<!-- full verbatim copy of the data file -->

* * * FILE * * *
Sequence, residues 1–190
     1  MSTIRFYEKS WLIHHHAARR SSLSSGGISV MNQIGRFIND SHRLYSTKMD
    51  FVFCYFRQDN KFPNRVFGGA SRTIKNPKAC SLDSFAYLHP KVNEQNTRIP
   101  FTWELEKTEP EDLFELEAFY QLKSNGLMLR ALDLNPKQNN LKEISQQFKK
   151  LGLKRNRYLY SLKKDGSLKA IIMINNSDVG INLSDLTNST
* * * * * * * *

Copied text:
Sequence, residues 1–190
     1  MSTIRFYEKS WLIHHHAARR SSLSSGGISV MNQIGRFIND SHRLYSTKMD
    51  FVFCYFRQDN KFPNRVFGGA SRTIKNPKAC SLDSFAYLHP KVNEQNTRIP
   101  FTWELEKTEP EDLFELEAFY QLKSNGLMLR ALDLNPKQNN LKEISQQFKK
   151  LGLKRNRYLY SLKKDGSLKA IIMINNSDVG INLSDLTNST